OSLO, May 28 (Reuters) - The startup of Norway’s $20 billion Johan Sverdrup oil field, the country’s largest industrial project in decades, will not be delayed by a political dispute over its source of power, Prime Minister Erna Solberg said on Wednesday.
Opposition parties, who hold a majority in parliament, recently agreed to ask all new fields in the Utsira High area of the North Sea, including Sverdrup, to get power from the shore when they start producing rather than generating it on the rigs with natural gas or diesel.
Using electricity from land would be a more environmentally friendly option, but operator Statoil said this could push up costs and delay projects.
However the Labour Party, the single largest party in parliament, is now hinting it may soften its stance and find common ground with Solberg’s minority government.
“I expect Johan Sverdrup not to be delayed by political decisions,” Solberg told Reuters in an interview.
“The last few days the clear message from the Labour Party has been that they are back on track with what the government has said for a long time, that yes, we’d like to see electrification (of the full area), but we won’t manage to do that by the start of Johan Sverdrup,” the premier said.
Power from the shore could cut Norway’s carbon dioxide emission by 1 million tonnes, because the country generates its electricity from hydro plants, but it would be a technically challenging and costly solution given the distance to land.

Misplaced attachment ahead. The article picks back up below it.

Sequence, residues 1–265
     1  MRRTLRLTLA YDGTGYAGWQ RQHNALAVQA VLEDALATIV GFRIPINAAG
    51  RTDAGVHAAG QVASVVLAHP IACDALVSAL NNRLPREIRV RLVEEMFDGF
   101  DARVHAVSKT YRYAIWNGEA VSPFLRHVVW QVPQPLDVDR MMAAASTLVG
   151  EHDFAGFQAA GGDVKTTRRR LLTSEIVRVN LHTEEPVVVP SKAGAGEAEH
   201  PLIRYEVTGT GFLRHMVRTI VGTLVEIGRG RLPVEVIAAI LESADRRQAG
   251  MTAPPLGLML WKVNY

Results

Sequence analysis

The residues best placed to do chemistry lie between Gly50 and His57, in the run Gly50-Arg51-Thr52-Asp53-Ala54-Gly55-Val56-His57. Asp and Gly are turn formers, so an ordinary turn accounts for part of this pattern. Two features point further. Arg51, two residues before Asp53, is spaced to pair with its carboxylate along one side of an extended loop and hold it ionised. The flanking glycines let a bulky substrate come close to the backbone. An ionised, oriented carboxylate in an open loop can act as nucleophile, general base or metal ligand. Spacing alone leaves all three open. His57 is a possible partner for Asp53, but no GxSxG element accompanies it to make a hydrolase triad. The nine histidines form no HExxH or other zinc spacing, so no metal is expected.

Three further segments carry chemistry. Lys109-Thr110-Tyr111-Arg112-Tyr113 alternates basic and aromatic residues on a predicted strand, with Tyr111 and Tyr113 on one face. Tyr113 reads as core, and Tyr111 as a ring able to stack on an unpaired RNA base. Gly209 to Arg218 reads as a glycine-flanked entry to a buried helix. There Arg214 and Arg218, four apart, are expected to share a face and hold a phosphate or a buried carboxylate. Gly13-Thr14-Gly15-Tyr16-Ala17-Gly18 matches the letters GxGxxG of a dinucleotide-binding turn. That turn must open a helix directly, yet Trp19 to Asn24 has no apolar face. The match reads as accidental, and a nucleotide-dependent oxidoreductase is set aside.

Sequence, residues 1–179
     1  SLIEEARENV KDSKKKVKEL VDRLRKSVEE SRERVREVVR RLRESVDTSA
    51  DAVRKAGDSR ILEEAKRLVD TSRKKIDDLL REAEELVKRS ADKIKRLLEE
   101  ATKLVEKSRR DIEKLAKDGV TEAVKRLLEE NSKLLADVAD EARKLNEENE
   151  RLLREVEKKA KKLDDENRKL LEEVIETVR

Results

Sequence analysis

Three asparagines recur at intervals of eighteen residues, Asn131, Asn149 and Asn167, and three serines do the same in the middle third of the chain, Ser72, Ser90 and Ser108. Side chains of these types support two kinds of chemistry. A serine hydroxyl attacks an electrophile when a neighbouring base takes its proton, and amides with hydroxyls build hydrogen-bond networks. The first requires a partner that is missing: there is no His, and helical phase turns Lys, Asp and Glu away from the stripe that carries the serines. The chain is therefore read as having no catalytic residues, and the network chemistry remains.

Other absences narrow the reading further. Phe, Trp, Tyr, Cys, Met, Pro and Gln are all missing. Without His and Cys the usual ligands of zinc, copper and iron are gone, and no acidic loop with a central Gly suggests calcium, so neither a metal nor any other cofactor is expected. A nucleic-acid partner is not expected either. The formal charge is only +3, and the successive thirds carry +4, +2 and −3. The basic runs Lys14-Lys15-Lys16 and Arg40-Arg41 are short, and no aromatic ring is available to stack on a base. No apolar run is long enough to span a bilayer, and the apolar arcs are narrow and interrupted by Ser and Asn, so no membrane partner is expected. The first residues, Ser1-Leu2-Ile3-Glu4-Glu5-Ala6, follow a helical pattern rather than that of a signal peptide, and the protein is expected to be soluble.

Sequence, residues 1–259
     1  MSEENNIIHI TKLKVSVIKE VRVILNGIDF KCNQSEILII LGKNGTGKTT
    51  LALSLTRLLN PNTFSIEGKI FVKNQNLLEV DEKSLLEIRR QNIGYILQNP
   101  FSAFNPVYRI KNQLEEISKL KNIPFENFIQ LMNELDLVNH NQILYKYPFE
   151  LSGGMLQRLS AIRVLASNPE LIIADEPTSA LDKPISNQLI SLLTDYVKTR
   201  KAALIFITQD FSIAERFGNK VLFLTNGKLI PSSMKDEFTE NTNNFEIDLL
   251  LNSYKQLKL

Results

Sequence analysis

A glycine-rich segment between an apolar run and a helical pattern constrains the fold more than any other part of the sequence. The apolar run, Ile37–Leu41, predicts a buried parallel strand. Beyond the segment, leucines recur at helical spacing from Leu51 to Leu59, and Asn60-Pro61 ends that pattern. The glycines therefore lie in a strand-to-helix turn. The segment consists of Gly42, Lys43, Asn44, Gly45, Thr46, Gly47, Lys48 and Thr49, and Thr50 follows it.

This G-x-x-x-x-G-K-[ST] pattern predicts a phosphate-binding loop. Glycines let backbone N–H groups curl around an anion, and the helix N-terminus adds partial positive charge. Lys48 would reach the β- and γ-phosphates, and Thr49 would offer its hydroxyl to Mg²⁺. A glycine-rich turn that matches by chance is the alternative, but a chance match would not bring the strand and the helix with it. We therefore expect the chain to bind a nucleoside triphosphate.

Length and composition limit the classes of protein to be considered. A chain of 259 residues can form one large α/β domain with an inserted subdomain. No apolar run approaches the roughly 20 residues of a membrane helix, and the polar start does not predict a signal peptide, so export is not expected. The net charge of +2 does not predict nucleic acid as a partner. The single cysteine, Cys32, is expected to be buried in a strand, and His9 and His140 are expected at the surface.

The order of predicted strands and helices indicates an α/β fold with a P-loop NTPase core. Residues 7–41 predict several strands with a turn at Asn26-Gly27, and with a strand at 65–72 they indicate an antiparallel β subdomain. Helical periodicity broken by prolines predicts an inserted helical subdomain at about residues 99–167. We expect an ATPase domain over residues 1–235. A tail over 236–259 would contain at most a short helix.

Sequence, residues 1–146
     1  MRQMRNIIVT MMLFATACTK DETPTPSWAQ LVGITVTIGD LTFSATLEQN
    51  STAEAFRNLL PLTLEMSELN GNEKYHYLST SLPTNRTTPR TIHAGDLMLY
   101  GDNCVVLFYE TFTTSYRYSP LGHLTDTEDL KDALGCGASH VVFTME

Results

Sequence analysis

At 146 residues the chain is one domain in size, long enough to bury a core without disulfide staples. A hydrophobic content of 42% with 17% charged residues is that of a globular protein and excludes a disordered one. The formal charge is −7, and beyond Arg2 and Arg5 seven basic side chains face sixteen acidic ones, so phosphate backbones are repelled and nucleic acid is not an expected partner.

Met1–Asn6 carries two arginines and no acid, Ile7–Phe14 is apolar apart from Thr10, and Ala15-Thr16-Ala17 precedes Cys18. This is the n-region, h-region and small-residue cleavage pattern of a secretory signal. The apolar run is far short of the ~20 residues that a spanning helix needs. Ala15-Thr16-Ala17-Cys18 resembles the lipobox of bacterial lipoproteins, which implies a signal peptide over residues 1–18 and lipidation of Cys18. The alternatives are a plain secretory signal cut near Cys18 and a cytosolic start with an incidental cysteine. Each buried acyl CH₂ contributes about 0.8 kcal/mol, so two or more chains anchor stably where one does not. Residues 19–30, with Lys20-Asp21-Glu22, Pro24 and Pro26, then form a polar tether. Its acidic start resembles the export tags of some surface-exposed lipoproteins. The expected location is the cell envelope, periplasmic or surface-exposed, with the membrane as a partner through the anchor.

Statoil plans to start production at Sverdrup towards the end of 2019 and said that a one-year delay would cause a net present value loss of 20 billion crowns ($3.35 billion).
“It’s more important to start up with Sverdrup and continue with electrification of the rest later in the period. To me it seems like the Labour Party has clarified that they don’t want any delays,” the prime minister said, adding it would be up to the companies involved to complete the project on time.
With a price tag of close to $20 billion for the initial development phase and resources of up to 2.9 billion barrels of oil, Sverdrup is expected to generate thousands of jobs and large revenues for the Nordic nation.
At its peak it will produce up to 650,000 barrels of oil equivalents per day, a quarter of Norway’s output.
Asked if she thought all four fields in the Utsira area would eventually be powered from shore, Solberg said she believed this could be achieved.
“Our ambition is that it should be electrified,” she said. “You can never guarantee things like that. But I think it’s possible and it’s going to be a strong whish from the government that we manage that.”
Sverdrup shareholders include Statoil, Lundin Petroleum , Det norske and Maersk.
$1 = 5.9685 Norwegian Krones Editing by Pravin Char